The pieces we’ve done this spring on testing trends (and then putting that advice into action) really seemed to connect, so here’s one more follow up. The best part about trends, and giving yourself the chance to test them out, is that some of them really stick. So far, both of our other examples used the black/white contrasting minimalist look as our ‘trend’, and while I’ve enjoyed wearing it again a few times since then, I’m still not 100% sure if it’s me. However, there definitely are some moves that I’ve tested over the past year or so that have really landed for my personal style, and are now staples in my closet.
First and foremost is my broken-in, braided leather belt. This started out on a whim, as I’d seen it in a few looks I’d liked, but for some reason had grown up with an aversion to the style. Therefore, I wasn’t about to go spend a bunch of money (or even a reasonable, but significant, chunk of change) on a brand new belt from one of my favorite stores. In fact, I almost never bought one at all.
Then one day, rummaging through the odds-and-ends at a local thrift shop, I came across one that was nicely worn in, but not beat-up, and in just the right length. Price check - $1.50 (or something in that neighborhood). Sold. I figured, hell, if I only wear this once, I can toss it in the trash, no harm done.
Once I got it though, I couldn’t stop wearing it, and have gotten to the point where I wear it as often as possible. It’s the perfect shade of brown to match with anything except my black shoes, and is worn in enough to look casual while still dignified enough to wear with chinos and a blazer.
|Dressed up - dressed down.|
True, I wouldn’t call the braided belt a ‘trend,’ per se, but it was still a move outside of my own box that I was hesitant to move forward with. This ‘test’ turned out even better than most, in that my ‘budget’ buy is (to this day) the perfect piece for me. Sure, now that I know I love it, I could go blow some stacks on a high end replicate, but I couldn’t be happier than I am with this super-cheap find.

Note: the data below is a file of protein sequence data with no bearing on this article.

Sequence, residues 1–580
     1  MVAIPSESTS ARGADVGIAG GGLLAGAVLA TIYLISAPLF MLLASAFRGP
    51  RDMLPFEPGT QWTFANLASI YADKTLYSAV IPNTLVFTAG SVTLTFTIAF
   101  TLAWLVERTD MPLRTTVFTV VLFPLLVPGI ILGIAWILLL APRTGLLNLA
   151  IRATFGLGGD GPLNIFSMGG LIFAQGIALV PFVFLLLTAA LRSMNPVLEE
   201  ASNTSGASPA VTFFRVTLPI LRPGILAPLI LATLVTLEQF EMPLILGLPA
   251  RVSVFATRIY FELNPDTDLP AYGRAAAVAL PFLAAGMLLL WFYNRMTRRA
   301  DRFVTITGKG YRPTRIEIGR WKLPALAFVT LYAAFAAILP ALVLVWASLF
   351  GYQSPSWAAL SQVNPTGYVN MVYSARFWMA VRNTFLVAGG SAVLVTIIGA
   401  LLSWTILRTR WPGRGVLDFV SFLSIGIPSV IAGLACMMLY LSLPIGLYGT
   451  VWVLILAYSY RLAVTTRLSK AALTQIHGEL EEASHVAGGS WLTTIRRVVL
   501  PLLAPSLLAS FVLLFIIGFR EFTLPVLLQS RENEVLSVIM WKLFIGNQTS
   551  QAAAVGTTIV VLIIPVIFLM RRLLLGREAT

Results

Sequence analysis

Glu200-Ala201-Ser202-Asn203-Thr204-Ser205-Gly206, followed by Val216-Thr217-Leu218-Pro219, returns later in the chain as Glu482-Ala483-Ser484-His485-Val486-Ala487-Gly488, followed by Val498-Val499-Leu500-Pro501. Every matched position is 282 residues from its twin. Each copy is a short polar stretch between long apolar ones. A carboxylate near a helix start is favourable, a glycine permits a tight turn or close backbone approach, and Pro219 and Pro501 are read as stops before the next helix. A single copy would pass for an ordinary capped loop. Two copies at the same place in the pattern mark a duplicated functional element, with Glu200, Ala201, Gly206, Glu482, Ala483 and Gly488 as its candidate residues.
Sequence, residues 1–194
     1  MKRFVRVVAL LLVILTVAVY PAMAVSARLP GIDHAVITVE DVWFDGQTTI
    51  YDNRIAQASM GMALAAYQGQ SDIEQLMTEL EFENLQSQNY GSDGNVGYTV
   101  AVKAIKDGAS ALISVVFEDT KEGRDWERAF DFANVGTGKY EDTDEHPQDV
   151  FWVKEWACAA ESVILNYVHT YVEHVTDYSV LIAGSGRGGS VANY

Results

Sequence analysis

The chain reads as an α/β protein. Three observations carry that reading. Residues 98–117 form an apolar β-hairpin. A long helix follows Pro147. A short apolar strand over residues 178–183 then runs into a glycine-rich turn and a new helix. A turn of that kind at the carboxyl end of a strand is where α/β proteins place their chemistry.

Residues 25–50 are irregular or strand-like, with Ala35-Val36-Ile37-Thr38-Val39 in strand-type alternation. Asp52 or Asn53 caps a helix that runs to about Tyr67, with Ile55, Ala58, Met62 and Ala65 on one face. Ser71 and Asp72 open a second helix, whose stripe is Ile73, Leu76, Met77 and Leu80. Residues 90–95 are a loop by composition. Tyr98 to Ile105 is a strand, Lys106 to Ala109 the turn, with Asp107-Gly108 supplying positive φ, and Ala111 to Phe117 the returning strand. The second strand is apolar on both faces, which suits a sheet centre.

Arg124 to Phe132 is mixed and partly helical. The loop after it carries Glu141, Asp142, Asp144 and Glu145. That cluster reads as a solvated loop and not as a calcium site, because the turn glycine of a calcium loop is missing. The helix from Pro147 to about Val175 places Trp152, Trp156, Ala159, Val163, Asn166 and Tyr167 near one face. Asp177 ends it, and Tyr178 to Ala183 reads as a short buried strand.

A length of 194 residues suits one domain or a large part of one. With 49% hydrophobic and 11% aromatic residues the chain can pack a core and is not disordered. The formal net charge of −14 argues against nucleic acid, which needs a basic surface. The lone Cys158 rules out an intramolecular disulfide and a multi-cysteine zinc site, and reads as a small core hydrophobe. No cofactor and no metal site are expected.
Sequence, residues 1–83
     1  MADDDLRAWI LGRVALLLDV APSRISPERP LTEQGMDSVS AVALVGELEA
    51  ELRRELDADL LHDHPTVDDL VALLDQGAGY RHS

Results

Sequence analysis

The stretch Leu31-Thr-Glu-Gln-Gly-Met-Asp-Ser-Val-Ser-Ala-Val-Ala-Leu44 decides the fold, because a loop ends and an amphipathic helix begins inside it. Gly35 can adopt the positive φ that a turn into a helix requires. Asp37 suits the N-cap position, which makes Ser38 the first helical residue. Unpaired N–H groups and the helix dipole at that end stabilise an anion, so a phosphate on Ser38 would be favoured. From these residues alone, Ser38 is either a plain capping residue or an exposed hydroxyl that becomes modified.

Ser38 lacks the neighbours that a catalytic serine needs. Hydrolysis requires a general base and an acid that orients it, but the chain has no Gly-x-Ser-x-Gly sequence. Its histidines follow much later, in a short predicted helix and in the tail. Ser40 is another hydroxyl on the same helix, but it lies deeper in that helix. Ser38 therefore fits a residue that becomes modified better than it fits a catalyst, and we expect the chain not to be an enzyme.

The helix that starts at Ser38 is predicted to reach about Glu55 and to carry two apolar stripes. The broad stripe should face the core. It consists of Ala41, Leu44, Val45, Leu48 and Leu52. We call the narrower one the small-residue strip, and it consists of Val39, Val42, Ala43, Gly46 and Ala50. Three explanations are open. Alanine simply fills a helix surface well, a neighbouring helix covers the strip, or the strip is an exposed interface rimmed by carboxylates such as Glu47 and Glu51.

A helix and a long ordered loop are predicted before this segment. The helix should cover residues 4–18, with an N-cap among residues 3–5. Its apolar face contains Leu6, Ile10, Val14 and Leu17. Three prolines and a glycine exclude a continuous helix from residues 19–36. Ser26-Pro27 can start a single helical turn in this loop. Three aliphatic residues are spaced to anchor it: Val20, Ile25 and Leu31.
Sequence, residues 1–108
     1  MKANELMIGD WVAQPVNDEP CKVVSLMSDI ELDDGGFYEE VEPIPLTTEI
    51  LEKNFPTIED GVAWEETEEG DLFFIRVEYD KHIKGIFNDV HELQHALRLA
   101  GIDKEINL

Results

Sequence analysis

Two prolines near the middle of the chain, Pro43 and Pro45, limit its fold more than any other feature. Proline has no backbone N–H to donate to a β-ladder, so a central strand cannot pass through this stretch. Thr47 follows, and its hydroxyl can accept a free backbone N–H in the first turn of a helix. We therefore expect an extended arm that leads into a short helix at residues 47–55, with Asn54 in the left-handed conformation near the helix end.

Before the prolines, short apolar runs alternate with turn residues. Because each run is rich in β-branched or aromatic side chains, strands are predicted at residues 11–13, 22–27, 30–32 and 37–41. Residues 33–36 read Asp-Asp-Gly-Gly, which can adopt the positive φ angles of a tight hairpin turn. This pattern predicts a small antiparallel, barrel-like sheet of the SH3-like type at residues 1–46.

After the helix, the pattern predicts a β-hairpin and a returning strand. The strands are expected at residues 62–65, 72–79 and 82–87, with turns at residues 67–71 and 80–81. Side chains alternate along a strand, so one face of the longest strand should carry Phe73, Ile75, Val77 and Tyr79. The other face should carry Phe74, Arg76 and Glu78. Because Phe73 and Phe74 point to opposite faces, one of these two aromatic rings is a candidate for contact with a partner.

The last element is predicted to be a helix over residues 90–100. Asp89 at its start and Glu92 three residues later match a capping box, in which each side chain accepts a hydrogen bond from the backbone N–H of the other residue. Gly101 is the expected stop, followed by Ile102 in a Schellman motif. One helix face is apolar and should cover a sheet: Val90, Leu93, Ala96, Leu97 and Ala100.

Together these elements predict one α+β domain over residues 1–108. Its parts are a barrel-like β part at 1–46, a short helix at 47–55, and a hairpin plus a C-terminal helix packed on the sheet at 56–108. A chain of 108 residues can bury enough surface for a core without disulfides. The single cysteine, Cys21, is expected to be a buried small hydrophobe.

Another one, and this one goes back even farther, is the knit tie. By now you know how much I love a good knit tie, but I wasn’t always that way. In fact, I really didn’t even know they existed (when I say way back here, I’m talking back to the day I first wore a tie to work). As I researched and browsed pictures and really started diving into reinventing and reinvigorating my personal style, something kept drawing me back to these slightly-casual, square-ended oddities.
The only time I’d really seen one before was digging through my dad’s closet as a kid - and my dad doesn’t wear ties, so I thought it was, well, a tie for people who don’t wear ties (or didn’t know what they were doing - no offense dad, I don’t think I ever even saw you wear it)! But here it was, popping up again and again on fellas with timeless prep aesthetics, looking damn sharp in them.
|Classic prep style captured by Tommy Ton at Pitti Uomo.|
Still, I wasn’t 100% sure, and wasn’t ready to really commit myself to the look. Instead, I went the uber cheap route, going below even the $15 options from the Tie Bar, and using one of my first selections from the Tie Society subscription to give one a try. Hell, I almost didn’t even return the thing, and now I wear them constantly. Sure, I have many more non-knit ties that I do knits, but I wear my knits far more often and far more regularly.
|Dressy dots and casual solids.|
Anyway, the point is (and sorry it took me 600+ words to get here), is that there is more than one benefit to our method of testing trends on the cheap - not only do you get to try out something you find interesting with taking out a second mortgage, but you open yourself up to new styles that otherwise you may have never given a chance, but are now a fundamental part of who you are and how you dress. We can’t grow without stepping outside of our boundaries, but it’s far safer to do so when you have a system to your exploration.
Do you have any ‘trend-testing’ success stories? Staples in your wardrobe that you’d have been shocked to see yourself wear five (ten, twenty) years ago?